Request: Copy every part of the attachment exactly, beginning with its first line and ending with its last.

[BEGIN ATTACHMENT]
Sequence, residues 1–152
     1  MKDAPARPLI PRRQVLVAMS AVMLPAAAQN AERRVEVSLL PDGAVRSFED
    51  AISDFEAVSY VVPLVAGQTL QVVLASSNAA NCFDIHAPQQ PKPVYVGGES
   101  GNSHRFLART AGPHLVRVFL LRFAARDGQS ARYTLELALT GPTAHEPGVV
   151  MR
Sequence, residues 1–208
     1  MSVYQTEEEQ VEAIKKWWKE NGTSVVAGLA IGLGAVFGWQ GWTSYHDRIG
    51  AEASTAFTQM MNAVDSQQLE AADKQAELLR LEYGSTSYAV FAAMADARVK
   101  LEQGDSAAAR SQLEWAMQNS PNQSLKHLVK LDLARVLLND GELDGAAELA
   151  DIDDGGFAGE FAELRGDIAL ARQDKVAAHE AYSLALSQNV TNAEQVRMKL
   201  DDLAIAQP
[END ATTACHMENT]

Sequence, residues 1–152
     1  MKDAPARPLI PRRQVLVAMS AVMLPAAAQN AERRVEVSLL PDGAVRSFED
    51  AISDFEAVSY VVPLVAGQTL QVVLASSNAA NCFDIHAPQQ PKPVYVGGES
   101  GNSHRFLART AGPHLVRVFL LRFAARDGQS ARYTLELALT GPTAHEPGVV
   151  MR
Sequence, residues 1–208
     1  MSVYQTEEEQ VEAIKKWWKE NGTSVVAGLA IGLGAVFGWQ GWTSYHDRIG
    51  AEASTAFTQM MNAVDSQQLE AADKQAELLR LEYGSTSYAV FAAMADARVK
   101  LEQGDSAAAR SQLEWAMQNS PNQSLKHLVK LDLARVLLND GELDGAAELA
   151  DIDDGGFAGE FAELRGDIAL ARQDKVAAHE AYSLALSQNV TNAEQVRMKL
   201  DDLAIAQP